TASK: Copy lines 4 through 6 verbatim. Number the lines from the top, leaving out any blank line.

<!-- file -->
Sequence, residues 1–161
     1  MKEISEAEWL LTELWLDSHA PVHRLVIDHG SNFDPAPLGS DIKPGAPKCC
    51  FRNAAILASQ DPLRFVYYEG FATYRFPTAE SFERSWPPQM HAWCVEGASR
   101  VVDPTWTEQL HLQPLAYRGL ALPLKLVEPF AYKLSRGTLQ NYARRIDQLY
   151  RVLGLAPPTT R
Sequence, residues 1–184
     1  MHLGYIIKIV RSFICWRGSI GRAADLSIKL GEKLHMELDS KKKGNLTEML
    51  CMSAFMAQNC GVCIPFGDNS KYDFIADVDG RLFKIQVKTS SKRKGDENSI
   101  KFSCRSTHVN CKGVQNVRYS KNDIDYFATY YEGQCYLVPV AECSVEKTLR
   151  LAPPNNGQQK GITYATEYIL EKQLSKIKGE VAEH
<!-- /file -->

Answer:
   101  VVDPTWTEQL HLQPLAYRGL ALPLKLVEPF AYKLSRGTLQ NYARRIDQLY
   151  RVLGLAPPTT R
Sequence, residues 1–184